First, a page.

Europeans fear that the TTIP free trade agreement between the United States and the EU would water down their environmental standards, but the recent diesel emissions scandal shows that the opposite could be the case. Craig Morris explains.
Americans are very concerned about TPP, the trade agreement with countries across the Pacific. In the US, numerous anti-TPP protests have taken place. Interestingly, there has been comparatively little protest in the US about TTIP, the agreement with countries across the Atlantic. Perhaps the perception among Americans is that the EU has equally strong environmental standards.
A recent protest in Berlin against TTIP drew more than 100,000 people. Europeans generally assume that US standards are lower, as EU parliamentarian Claude Turmes recently explained. Granted, EU car standards are higher in some respects – such as front-end collisions – but the EU also knew about breaches of emission restrictions from European diesel cars “at least 18 months” before the finding was announced in the US.
TTIP would allow the lowest standard to apply everywhere. Where US standards are stricter, lax EU standards would undercut them and vice versa. The lobbyist watch group Corporate Europe Observatory recently put it well in its article entitled “Tested once, approved everywhere” (which is actually a slogan used by car manufacturers themselves).
The EU’s forgiving reaction to the fraud reveals that the lax European handling of its automotive sector continues. Instead of cracking down on lawbreakers, the EU is allowing a generous grace period for European carmakers to comply with the standards already in place. There is to be a switch from lab testing to on-road tests, but not until 2018. And even then, NOx emissions can still be 50 percent higher than the standards in place.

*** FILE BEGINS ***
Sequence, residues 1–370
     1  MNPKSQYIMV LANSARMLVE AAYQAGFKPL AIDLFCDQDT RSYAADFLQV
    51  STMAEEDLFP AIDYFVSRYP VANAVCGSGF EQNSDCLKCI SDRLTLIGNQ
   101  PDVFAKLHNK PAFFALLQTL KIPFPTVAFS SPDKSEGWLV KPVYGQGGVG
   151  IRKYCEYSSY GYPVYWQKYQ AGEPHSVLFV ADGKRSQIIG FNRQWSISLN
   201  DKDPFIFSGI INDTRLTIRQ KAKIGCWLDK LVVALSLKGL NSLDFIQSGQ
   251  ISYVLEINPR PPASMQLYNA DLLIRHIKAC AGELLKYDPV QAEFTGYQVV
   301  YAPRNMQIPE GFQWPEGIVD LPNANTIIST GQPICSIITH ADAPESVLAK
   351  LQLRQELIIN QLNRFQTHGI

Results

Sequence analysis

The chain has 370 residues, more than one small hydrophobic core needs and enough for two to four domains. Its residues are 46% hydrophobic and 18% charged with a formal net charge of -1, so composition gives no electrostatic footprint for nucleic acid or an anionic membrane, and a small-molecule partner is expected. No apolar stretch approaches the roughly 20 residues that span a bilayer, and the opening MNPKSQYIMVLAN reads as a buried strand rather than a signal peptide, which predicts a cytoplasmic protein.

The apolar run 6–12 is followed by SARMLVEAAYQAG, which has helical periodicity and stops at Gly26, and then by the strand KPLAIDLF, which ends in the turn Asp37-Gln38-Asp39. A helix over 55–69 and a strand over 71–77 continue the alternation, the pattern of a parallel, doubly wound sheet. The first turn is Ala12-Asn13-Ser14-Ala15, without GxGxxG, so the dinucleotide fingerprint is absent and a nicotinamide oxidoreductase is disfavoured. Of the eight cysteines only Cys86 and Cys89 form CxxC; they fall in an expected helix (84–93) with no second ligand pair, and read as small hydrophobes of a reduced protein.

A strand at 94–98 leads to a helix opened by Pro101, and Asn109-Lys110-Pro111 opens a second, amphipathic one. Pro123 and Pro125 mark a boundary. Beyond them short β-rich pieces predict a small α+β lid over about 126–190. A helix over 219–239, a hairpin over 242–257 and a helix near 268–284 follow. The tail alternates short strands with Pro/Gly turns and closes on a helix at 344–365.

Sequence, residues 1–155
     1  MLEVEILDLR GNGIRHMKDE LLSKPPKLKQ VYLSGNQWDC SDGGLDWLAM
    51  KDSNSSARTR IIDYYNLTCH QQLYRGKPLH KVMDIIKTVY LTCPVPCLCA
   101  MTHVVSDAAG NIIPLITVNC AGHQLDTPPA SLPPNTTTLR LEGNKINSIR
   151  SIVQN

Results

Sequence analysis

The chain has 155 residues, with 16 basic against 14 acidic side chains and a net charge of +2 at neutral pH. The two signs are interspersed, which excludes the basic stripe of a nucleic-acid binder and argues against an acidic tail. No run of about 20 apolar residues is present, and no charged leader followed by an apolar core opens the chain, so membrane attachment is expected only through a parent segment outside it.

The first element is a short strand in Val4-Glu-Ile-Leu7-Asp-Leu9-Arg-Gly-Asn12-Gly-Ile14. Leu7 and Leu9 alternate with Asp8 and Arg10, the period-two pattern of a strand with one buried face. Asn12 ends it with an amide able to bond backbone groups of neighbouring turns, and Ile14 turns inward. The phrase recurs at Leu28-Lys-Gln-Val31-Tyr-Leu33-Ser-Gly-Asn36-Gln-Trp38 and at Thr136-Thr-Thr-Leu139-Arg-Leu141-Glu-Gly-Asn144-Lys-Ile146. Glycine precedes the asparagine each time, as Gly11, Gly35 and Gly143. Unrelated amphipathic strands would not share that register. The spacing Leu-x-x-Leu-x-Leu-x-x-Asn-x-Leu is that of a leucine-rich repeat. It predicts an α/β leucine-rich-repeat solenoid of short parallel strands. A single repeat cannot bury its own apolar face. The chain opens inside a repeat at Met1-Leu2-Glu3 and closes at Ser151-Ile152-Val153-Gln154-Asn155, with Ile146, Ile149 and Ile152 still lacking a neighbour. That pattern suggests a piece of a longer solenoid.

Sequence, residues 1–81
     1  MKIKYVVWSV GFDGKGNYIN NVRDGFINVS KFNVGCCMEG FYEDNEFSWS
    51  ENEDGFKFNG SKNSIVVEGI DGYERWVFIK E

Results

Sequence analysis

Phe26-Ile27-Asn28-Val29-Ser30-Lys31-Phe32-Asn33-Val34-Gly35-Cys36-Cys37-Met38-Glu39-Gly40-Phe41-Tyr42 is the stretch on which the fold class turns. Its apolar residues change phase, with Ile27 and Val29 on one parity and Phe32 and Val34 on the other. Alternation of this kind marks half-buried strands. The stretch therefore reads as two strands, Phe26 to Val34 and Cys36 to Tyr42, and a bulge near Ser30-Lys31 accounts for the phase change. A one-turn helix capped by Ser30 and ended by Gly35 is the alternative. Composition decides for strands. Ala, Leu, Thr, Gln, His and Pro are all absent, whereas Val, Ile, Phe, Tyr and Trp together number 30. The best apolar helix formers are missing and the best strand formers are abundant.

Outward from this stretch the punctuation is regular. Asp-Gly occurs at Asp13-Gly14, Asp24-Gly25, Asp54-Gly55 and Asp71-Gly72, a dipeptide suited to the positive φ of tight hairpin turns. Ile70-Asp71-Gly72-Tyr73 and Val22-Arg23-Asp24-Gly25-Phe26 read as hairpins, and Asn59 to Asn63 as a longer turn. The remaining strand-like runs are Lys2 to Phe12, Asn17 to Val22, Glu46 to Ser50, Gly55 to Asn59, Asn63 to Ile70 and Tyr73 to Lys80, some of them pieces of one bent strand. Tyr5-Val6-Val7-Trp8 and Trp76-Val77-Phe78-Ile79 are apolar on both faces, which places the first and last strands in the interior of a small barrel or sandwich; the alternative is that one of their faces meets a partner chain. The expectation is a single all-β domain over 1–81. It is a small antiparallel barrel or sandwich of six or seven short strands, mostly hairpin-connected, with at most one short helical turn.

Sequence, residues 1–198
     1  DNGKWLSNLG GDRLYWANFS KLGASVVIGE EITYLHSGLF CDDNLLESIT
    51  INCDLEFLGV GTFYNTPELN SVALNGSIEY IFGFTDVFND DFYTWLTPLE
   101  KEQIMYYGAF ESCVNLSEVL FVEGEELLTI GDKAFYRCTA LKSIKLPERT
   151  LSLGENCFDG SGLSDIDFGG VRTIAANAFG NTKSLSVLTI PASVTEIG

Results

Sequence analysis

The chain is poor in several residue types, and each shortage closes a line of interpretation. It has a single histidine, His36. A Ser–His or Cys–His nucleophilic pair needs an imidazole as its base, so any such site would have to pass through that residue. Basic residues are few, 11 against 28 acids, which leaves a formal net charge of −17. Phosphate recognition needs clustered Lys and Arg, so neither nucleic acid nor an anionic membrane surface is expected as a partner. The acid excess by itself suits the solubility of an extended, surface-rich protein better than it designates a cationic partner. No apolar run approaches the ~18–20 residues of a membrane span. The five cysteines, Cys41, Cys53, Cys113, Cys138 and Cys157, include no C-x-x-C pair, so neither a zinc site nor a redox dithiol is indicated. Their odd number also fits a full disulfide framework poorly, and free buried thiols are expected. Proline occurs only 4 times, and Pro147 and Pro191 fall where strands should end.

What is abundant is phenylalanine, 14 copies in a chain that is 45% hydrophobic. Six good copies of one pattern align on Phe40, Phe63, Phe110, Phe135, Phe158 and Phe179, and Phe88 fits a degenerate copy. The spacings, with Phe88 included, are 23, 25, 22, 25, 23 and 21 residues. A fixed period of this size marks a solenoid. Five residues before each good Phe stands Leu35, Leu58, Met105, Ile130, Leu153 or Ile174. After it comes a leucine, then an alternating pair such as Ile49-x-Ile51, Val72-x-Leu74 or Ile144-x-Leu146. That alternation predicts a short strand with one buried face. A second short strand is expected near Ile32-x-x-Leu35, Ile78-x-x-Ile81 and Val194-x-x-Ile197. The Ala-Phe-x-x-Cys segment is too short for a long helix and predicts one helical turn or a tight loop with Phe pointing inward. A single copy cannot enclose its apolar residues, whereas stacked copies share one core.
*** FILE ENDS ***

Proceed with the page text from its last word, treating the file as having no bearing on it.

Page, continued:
The European public can only point the finger at the legislator if they actually change their consumption behavior. But the Europeans allegedly so worried about lower American standards are hardly penalizing the lawbreaking car manufacturers by shopping elsewhere. Within the EU, Volkswagen sold 9.8 percent more cars in September (report in German). Sales increases were even better at some of VW’s competitors who also broke the law. We still await the long heralded switch in customer demand towards electric vehicles in the EU.
What’s worse, German cars have larger engines on average than vehicles imported to the country. In 2013, the average car sold in Germany had 137 horsepower – up from 95 in 1995. But cars imported only had an average of 117 horsepower. German vehicles had much larger engines: BMW, 190 horsepower; Audi, 178; and Mercedes 174 (report in German). Germany makes gas-guzzlers, not future-proof vehicles.
In the US, half of all premium cars sold in 2014 were German, up from 33 percent in 2005 (PDF in German). This market may indeed change; American consumers do seem excited about electric vehicles, while the German public remains loyal to an outdated technology.
And what about TTIP? The lesson is that it will not lead to the implementation of lower US standards in the EU. But it could lead to the implementation of lower standards everywhere.